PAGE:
Looking back down the trail you can see the first peak we climbed......and looking the up the trail you can see the next that is not Mt Rogers!  I am sure that Mt Rogers will be just over the ridge....yeah right!

We return to the "white blazed"  Appalachian Trial and take a rocky path across this third peak to Rhododendron Gap....while we chose to bypass the summit of this peak, the trail up was quite rocky but provided some interesting views.

The temperature was in the mid 70's and overcast with nice cool breezes....I cannot imagine how difficult this hike would be in full sunlight with temperatures in the 80's

The views on the trail to Rhododendron Gap were some of the best of the hike....but the trail was one of the more challenging sections of the day.

Especially as the trail led into a cave!.....It was narrow and dark and the Fat Bald White Guy was not sure how wide it was!

 But we made it through.....only to find that there was another ridge to climb....but it was not Mt. Rogers....but you could see Mt Rogers at long last.....We were told that Mt. Rogers was a forested ridged mountain....and every peak we climbed and saw to that point had a rocky ridge....

The sign said that Mt Rogers was only two miles away! And one more ridge to climb to get there!

 Looking back on the fourth summit we can get and idea of the rugged nature of the hike.
This area of the Appalachian Trail is very popular. In fact you could not walk a couple of hundred yards without encountering other hikers- young, old, male female, many with dogs....camping in many wonderful trail side camp sites....and by the way there were steers.....yep long horned steers grazing on the mountainside.  

Look carefully and you can see the faint outline of four hawks performing and aerial waltz.....mocking us foot tired earthbound creatures!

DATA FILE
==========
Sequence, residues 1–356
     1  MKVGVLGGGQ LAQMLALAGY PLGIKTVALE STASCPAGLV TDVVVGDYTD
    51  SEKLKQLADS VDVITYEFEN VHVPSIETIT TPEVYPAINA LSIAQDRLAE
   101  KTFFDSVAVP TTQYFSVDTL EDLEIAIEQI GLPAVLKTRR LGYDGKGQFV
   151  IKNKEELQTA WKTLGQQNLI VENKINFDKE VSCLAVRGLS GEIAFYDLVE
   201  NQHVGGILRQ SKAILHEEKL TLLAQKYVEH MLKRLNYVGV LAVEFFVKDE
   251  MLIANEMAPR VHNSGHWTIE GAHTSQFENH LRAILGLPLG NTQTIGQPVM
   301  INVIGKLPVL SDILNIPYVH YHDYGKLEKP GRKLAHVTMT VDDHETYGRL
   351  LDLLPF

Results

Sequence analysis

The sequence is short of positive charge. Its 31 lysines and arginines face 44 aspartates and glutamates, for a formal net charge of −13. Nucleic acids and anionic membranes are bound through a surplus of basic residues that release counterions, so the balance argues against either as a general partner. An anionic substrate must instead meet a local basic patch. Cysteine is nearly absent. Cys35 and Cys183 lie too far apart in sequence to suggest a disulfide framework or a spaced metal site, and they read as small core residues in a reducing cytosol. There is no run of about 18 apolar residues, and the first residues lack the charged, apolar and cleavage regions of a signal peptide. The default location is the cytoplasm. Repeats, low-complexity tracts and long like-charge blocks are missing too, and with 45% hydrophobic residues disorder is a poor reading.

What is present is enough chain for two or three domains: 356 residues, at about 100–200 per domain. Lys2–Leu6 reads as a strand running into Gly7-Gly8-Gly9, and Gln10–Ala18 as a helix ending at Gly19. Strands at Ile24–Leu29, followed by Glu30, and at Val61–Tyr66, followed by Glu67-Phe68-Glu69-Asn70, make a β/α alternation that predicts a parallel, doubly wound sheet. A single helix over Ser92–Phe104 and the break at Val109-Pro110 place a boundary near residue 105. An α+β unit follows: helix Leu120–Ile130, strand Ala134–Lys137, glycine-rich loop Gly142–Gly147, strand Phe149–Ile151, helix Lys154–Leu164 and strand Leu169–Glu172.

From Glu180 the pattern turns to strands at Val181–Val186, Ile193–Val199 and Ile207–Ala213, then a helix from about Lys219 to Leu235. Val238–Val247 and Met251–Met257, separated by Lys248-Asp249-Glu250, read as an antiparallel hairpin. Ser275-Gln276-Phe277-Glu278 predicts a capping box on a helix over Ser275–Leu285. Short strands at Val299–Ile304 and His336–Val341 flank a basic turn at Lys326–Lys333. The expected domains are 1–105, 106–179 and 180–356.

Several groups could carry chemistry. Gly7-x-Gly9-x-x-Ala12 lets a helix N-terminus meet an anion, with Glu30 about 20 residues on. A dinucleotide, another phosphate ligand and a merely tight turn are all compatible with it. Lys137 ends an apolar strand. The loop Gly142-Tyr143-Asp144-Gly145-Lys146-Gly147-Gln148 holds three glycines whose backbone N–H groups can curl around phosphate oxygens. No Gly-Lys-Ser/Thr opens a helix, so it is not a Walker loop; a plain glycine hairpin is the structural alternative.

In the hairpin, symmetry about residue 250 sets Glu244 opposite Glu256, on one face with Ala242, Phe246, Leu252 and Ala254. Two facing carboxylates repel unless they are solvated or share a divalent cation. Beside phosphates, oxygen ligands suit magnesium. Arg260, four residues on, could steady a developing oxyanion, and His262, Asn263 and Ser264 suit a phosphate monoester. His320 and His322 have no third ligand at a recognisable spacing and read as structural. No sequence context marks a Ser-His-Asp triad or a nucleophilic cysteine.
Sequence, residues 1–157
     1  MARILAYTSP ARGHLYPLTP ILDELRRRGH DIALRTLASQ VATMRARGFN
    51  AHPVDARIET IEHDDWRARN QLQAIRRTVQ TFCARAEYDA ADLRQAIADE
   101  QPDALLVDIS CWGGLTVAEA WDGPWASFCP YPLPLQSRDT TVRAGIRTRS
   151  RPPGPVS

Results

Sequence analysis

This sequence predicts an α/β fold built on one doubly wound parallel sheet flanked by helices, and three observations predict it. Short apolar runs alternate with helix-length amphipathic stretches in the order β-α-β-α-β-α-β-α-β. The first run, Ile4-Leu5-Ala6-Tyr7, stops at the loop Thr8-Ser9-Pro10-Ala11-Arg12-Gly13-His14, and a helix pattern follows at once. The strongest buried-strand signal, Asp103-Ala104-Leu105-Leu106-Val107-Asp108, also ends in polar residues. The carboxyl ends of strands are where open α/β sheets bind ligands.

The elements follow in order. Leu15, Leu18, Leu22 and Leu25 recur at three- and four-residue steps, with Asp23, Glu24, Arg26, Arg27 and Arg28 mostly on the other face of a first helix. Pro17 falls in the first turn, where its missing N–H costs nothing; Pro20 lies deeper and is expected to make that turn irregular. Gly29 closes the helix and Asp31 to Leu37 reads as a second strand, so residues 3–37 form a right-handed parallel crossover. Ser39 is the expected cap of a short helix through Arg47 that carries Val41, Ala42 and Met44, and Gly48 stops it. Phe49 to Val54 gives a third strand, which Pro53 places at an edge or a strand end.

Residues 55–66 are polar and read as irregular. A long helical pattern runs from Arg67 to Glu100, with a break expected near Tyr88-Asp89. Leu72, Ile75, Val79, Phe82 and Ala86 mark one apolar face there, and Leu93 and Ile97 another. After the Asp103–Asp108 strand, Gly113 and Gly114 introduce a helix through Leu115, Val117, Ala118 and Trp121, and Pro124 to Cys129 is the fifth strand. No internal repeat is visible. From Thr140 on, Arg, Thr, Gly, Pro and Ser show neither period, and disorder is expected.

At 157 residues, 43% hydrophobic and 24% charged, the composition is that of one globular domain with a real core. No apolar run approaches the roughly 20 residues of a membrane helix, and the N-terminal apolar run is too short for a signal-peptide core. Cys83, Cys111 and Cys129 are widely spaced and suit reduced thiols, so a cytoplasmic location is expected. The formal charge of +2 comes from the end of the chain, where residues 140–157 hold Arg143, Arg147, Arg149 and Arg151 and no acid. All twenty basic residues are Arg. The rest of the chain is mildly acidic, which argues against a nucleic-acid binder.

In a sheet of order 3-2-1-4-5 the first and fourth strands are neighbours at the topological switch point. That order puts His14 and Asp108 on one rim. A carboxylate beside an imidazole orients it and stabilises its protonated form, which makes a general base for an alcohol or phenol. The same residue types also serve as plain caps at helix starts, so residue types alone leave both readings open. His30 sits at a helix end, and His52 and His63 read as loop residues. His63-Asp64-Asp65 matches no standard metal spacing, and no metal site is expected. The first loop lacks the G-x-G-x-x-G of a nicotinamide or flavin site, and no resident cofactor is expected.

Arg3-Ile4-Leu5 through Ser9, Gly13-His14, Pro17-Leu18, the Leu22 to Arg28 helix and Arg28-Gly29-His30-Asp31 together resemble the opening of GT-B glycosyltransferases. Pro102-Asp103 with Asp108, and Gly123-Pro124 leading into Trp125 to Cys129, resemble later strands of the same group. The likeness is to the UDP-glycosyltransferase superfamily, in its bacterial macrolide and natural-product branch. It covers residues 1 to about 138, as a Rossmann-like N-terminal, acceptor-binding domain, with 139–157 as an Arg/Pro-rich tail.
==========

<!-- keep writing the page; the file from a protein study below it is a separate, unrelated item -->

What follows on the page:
Out next stop was the Thomas Knob....there a shelter is built for the folks traveling the AT....and there was a spring fed creek where water could obtained....the view there was magnificent....the best of the day.

From Thomas Knob you can see the summit of Mt Rogers....just another mile away!  We had been on the trail for four hours and it being past 4 pm....we decided that we did not want to risk being on the trail back after sundown so we made Thomas Knob our final destination.  Truthfully, climbing four peaks over the most rocky trail imaginable, we felt that lounging on Thomas Knob was the best reward of the I went to the spring to refresh water supply and we headed back.

Looking back from the spring, you can see my hiking companion sunning herself on Thomas knob.

Hiking out we stopped many times to rest our tired feet....words cannot describe how rocky the trail is and how unpleasant the hike out was like walking barefoot on a gravel had to watch every step and every step was painful....but nevertheless we had many nice vistas to enjoy.

We also got to enjoy many examples of God's imaginative artistry in the form of flowers, flora and mushrooms.....stunningly beautiful!

Even on the most difficult hikes all you have to do is pause and you will see very special adornments of nature all along the trail....this hike was no exception.

This is the closest I got to the Summit of Mt. Rogers....I don't regret the trip as I experienced an area of the Blue Ridge unlike any that I had ever seen before.....the scenery was stunning....but the trail was brutal....with every step there were several rocks competing for the chance to bruise by how can I rate this trail?   The Fat Bald White Guy gives the access an 8.....the scenery an 8.....the trail a 2.....the overall hike is a 5....but don't count on me doing this one again!

Life is complex. Each one of us must make his own path through life.
There is no self-help manuals, no formulas, no easy answers.
The right road for one is the wrong road for another....
the journey of life is not paved in blacktop; it is not brightly lit.
and it has no road signs.
It is a rocky path through the wilderness
M. Scott Peck